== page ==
more than 3 years ago

US Army Considers a Smartphone For Every Soldier

Ed Peepers Re:This doesn't sound like a good idea (279 comments)

Mod parent up, it's true! My corporate laptop sees very little direct involvement in combat operations...

more than 3 years ago

A Blue-Sky Idea For the USPS — Postal Trucks As Sensors

Ed Peepers Close excess branches (252 comments)

They should close some of their excess branches. In rural areas/small towns where people might raise more of a stink, make the USPS an in-store mini-office at the nearest grocery store. If banks manage to have secure in-store branches, I imagine the USPS can figure it out too.

more than 3 years ago

A Peek At the National Opt-Out Day Numbers

Ed Peepers Third variable... (297 comments)

So um, I know we spout the correlation != causation line all the time around here, but maybe some airports opened up lines to old timey metal detectors because they were at max capacity and not because opt-outs were significantly disruptive.

more than 3 years ago

Russia To Help NATO Build Anti-Missile Network

Ed Peepers Re:typo in tfa (175 comments)

I get the joke and I laughed, but it's interesting to note that one of Turkey's conditions of cooperation was that additional nations (beyond Iran) shouldn't be singled out. So "Iran and elsewhere" is actually technically correct!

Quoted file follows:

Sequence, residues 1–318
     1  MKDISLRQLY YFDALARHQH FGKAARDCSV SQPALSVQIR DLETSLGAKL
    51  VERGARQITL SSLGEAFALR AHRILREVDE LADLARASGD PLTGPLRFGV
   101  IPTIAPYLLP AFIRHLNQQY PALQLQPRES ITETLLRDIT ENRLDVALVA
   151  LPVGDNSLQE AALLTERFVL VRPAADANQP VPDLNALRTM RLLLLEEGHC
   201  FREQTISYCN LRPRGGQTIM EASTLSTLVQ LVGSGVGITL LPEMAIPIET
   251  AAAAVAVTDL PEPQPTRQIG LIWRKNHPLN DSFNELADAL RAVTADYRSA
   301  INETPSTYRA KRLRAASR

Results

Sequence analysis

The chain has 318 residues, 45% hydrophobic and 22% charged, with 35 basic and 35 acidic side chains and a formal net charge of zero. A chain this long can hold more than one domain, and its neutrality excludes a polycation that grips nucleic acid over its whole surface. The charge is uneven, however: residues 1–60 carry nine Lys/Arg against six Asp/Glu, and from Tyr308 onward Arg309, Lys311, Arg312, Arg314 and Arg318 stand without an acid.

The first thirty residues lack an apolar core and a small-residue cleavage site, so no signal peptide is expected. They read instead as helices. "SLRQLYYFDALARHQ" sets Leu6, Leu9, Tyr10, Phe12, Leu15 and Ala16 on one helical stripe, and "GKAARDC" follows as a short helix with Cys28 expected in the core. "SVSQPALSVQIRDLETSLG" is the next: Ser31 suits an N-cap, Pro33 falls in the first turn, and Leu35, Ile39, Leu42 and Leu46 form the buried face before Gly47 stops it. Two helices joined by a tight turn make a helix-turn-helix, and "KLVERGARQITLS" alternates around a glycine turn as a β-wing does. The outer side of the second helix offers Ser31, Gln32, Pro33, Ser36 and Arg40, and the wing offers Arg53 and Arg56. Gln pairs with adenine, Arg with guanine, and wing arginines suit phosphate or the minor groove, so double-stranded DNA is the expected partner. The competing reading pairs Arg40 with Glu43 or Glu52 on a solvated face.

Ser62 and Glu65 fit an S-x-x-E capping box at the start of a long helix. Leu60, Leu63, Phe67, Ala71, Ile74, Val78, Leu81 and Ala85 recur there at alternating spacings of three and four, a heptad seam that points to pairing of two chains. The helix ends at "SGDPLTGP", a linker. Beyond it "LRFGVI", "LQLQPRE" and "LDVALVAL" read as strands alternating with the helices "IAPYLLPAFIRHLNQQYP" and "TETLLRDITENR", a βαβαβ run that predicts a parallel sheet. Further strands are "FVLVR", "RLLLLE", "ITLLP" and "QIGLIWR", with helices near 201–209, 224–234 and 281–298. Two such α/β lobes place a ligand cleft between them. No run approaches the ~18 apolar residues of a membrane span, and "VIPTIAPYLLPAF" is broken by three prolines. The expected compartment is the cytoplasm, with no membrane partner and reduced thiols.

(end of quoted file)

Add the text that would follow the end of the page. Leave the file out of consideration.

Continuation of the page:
more than 3 years ago

James Cameron Commissions Submarine To Visit Challenger Deep

Ed Peepers As a scuba instructor... (285 comments)

... it gets dark pretty quick down there. Even at 100ft/30m you've lost a lot of the color spectrum. So they'll take a lot of lights with them. Okay, fine. Don't expect any sweeping vistas -- the background's going to be black.

What are they going to film for Avatar 2 that they can't film a few thousand feet shallower? Neat rock outcroppings? The only thing I can think of are bizarre critters, which will be done in CGI anyway.

I'm all for exploring the depths, but whoever said the Avatar 2 angle is a tax write-off was dead on.

about 4 years ago

Giant Planet Nine Times the Mass of Jupiter Found

Ed Peepers Just curious (73 comments)